An average of all or a portion of the background pixels 306 can then be computed, and this average can then used to globally modify the offset values for all pixels in the touch sensor panel. Because the background pixels 306 are untouched, the average of their untouched output values can provide an indication of rapid changes to the pixel outputs due to factors such as temperature. This average, or some adjustment value that is a function of this average, can then be added to or subtracted from the current sensor baseline to compute the global baseline offset value. This global baseline offset value can then be added to the current offset values for every pixel in the touch sensor panel to effect a global adjustment of the offset values. In some embodiments, this global baseline offset value can be applied immediately to the current offset values for every pixel. In other embodiments, the current offset values can be incremented or decremented gradually until the full global baseline offset values has been applied. To keep the normalized sensor output values from “running away” (e.g. getting excessively large or small) due to unintended artifacts of the algorithm such as an accumulation of roundoff error, the global baseline offset value can optionally decay to zero over time.

FIG. 4a illustrates the computation of an exemplary periodic global baseline offset value for a single row of pixels (sensors) A-G in a touch sensor panel according to embodiments of the invention. Although not shown, it should be understood that each row in the touch sensor panel can be involved in the computation of this global baseline offset value. In the example of FIG. 4a , current no-touch (i.e. background) raw sensor output values 408 have risen substantially and in a fairly uniform manner from previous no-touch raw sensor output values 420 due to a change in some condition such as a temperature increase. As such, subtracting of the previous sensor offset values 410-A through 410-G from the current raw sensor output values 408 results in normalized values 416 well above the original baseline 412, which can create errors in touch detection and interpretation. To perform a global baseline offset adjustment on all offset values in the touch sensor panel, an average of the background pixels can first be computed. In the example of FIG. 4a , the average is shown at 422. Next, the difference between this average and the original baseline 412 can be computed as the global baseline offset value 424. This global baseline offset value 424 can then be added to the previous sensor offset values 410-A through 410-G to produce updated sensor offset values and effect a global adjustment of the offset values.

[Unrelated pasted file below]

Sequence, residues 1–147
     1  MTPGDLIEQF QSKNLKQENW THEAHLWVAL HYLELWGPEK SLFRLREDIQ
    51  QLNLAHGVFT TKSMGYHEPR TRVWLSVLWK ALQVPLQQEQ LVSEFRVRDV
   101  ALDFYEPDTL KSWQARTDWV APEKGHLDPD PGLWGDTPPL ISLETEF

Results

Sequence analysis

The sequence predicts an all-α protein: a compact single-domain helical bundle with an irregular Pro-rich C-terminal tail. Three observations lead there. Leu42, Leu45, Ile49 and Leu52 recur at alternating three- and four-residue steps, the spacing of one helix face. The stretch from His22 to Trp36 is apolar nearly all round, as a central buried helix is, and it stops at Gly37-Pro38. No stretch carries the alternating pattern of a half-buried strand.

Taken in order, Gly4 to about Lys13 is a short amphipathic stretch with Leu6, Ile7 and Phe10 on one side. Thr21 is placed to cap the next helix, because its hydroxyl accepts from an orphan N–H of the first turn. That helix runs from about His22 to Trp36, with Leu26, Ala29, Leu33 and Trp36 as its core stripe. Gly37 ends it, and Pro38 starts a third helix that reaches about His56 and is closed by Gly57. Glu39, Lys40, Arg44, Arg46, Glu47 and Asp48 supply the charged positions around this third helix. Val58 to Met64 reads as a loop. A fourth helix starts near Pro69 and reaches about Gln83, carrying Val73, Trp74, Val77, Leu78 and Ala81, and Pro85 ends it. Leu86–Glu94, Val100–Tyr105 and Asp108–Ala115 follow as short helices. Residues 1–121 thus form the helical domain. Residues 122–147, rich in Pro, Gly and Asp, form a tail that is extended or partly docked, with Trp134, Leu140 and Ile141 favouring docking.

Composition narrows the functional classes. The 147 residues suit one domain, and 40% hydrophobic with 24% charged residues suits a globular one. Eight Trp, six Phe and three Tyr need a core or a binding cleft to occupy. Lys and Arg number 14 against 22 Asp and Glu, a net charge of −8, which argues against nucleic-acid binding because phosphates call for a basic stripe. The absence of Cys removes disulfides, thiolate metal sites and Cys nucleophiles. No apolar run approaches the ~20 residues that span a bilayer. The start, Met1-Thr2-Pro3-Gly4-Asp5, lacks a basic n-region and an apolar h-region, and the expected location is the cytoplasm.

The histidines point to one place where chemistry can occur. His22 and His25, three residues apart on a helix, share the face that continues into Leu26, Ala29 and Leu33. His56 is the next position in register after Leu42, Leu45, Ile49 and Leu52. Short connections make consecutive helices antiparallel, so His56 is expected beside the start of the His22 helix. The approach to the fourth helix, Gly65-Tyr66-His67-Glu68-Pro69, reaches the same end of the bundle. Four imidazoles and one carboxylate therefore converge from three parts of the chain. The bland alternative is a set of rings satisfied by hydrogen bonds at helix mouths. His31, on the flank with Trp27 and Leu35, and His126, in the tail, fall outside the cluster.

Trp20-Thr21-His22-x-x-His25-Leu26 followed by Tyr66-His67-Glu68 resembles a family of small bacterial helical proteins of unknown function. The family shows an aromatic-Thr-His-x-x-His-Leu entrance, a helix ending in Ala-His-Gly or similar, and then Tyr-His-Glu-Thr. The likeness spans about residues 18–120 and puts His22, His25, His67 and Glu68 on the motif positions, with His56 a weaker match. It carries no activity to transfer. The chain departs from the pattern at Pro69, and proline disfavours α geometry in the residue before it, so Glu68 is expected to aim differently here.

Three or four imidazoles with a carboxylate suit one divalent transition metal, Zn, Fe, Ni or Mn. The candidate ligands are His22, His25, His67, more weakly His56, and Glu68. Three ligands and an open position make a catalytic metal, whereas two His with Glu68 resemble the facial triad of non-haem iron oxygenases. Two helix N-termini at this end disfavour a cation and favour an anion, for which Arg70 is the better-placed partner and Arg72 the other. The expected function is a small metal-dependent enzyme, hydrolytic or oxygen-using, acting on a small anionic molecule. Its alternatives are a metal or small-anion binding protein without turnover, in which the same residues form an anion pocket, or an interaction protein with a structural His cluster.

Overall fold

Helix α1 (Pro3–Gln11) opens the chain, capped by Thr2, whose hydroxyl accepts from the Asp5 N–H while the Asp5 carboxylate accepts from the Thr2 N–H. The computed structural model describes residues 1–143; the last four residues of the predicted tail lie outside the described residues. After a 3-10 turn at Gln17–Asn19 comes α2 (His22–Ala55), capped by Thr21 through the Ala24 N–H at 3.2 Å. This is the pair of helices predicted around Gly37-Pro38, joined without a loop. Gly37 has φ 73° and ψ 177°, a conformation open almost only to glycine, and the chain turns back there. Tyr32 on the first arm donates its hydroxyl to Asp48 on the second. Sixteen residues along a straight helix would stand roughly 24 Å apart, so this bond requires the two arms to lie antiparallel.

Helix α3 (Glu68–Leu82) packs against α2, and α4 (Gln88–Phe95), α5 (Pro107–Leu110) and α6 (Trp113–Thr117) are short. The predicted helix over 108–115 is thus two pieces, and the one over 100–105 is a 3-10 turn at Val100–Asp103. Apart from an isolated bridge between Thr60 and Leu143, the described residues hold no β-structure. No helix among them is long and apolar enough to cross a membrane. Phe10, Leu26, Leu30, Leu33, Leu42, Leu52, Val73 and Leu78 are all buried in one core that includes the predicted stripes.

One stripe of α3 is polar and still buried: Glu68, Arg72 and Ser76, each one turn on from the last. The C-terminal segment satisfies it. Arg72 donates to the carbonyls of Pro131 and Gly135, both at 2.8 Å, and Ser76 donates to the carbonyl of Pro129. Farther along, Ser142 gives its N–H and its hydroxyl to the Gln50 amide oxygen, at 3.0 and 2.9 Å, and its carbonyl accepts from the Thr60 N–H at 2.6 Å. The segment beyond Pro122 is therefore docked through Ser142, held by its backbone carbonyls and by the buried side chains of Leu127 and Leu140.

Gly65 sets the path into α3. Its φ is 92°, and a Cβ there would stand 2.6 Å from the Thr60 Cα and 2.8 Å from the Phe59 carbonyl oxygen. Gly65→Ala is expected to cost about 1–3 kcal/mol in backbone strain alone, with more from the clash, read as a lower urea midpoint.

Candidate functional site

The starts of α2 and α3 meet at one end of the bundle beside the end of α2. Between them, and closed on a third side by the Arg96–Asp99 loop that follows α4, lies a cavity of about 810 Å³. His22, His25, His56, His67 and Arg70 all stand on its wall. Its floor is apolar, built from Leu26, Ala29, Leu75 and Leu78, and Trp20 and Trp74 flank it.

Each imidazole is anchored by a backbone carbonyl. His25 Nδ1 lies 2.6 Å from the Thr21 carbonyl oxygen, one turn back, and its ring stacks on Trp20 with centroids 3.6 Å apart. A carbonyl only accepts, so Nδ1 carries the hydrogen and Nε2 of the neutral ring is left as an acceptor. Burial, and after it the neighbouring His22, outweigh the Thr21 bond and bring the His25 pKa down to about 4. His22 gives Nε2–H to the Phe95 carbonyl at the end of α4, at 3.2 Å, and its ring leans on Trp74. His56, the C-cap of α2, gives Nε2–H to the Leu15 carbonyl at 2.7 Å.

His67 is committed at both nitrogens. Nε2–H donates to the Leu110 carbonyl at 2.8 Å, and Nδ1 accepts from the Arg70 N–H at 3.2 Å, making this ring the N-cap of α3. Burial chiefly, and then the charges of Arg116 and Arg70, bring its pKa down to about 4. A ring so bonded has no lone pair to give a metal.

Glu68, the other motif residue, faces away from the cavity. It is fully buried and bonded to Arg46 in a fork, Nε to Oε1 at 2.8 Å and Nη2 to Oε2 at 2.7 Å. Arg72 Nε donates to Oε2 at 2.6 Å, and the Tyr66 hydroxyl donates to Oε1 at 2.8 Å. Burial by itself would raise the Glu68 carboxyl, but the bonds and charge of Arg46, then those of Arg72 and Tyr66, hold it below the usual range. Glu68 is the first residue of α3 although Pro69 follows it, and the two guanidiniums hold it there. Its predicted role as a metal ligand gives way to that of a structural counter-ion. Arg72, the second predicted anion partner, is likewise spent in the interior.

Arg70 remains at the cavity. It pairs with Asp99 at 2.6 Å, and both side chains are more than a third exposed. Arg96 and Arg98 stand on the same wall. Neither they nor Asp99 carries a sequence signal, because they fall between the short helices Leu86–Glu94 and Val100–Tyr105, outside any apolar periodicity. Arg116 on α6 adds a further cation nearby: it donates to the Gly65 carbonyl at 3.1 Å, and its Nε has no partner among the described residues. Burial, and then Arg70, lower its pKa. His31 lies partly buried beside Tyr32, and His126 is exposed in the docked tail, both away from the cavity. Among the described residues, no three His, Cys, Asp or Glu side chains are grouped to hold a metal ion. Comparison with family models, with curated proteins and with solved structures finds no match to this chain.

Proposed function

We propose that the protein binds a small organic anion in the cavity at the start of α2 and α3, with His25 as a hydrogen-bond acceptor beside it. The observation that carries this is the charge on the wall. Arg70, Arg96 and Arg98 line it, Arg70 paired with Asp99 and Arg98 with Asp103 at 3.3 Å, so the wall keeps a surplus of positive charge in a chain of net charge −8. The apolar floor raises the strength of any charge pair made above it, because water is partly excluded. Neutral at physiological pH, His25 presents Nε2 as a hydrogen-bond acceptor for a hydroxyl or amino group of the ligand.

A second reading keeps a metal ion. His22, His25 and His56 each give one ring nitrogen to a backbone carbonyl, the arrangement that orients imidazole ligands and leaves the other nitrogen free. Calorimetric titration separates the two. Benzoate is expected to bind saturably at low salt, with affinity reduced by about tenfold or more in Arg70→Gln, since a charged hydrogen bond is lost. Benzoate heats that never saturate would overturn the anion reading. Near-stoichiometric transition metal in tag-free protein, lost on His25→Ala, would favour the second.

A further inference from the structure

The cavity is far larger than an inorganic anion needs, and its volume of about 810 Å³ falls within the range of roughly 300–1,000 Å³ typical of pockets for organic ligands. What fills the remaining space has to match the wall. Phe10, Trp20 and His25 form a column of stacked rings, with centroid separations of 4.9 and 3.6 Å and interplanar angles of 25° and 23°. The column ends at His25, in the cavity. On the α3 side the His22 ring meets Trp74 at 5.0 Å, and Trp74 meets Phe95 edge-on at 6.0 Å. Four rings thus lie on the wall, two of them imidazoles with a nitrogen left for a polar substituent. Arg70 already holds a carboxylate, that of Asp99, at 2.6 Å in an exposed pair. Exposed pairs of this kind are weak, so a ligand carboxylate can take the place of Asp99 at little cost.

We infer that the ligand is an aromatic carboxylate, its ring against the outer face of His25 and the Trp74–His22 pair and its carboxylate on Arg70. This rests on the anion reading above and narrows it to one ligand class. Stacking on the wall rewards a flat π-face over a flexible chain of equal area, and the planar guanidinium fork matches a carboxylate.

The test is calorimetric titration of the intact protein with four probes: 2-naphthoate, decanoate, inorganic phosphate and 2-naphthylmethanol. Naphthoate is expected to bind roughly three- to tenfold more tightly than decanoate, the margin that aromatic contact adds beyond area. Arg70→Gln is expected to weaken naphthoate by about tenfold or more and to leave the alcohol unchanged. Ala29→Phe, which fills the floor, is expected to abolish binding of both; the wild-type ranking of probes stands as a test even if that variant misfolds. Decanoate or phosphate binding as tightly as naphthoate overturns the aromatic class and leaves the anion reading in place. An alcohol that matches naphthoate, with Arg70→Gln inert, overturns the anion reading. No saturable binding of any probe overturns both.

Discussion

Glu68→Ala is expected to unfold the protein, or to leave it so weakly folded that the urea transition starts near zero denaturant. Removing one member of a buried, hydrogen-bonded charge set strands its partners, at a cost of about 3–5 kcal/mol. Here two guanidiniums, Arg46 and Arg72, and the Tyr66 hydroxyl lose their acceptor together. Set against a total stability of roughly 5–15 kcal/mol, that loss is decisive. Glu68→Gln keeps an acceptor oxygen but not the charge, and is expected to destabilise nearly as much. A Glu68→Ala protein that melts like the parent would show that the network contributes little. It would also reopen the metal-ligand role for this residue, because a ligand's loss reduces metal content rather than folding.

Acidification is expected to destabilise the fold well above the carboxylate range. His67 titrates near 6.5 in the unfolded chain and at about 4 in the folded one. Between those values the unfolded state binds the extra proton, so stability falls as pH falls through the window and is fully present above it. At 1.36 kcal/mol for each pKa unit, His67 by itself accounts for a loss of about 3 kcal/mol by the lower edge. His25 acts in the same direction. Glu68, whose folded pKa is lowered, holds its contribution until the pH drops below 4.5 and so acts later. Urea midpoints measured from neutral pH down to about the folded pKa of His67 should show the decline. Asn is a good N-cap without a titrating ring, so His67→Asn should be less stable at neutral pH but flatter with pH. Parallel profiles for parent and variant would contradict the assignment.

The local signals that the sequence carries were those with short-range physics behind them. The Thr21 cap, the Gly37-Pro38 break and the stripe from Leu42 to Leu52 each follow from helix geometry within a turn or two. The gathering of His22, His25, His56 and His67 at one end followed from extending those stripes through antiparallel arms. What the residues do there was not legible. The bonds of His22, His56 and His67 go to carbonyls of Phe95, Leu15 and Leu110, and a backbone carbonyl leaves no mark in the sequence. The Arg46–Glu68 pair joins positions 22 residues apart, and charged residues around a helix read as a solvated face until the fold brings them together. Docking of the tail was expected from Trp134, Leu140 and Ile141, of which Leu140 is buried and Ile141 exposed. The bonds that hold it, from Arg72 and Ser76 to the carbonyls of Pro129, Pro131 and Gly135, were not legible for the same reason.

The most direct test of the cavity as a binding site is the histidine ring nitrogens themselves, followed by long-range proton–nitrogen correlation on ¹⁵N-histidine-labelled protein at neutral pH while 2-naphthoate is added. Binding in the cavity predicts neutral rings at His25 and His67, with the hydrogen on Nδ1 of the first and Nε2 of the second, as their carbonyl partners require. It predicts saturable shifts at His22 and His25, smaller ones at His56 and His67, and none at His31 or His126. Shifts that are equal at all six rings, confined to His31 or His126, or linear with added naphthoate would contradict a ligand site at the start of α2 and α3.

FIG. 4b illustrates an exemplary plot of the overall offset value 400 for a single sensor over time including the total contributions of a local baseline offset 404 and the contribution of a global baseline offset 402 according to embodiments of the invention. In the example of FIG. 4b , the offset value 400, global baseline offset value 402, and the total contribution of the local baseline offset value 404 start near zero at 406, indicating that the raw no-touch sensor output value for that sensor is approximately equal to the desired baseline value. If a temperature shift or other environmental condition is detected at 408 resulting in a rapid increase in the average of the background pixels (e.g., a change of more than 25% over the span of a minute), the full amount of the calculated global baseline offset value 402 can be immediately added to the sensor offset value, causing the overall sensor offset value 400 to increase rapidly to a value 410 equal to the difference between the average of the background pixels and the original baseline as described above. The global baseline offset value 402 can then decay back to zero over time at 412 to ensure that the offset value does not get excessively large or small due to unintended artifacts of the algorithm.

However, if the increase in the raw sensor output values remains, even while the global baseline offset value 402 is decaying back down to zero, another mechanism is needed to ensure that an increase to the overall offset value does occur. To accomplish this, the local baseline offset adjustment algorithm described above can periodically incrementally increase the overall offset value 400 as the global baseline offset value 402 is decaying. Although each increment to the overall offset value 400 made by the local baseline offset adjustment algorithm is small, the total contribution of the local baseline offset value 404 gradually increases over time, as shown at 414 in FIG. 4 b.

FIG. 4c illustrates an exemplary flowchart or algorithm for implementing the global baseline offset algorithm as described above according to embodiments of the invention.

Although not shown, similar adjustments to the overall sensor offset value of each pixel can be made in the negative direction if the average of the background pixels rapidly decreases.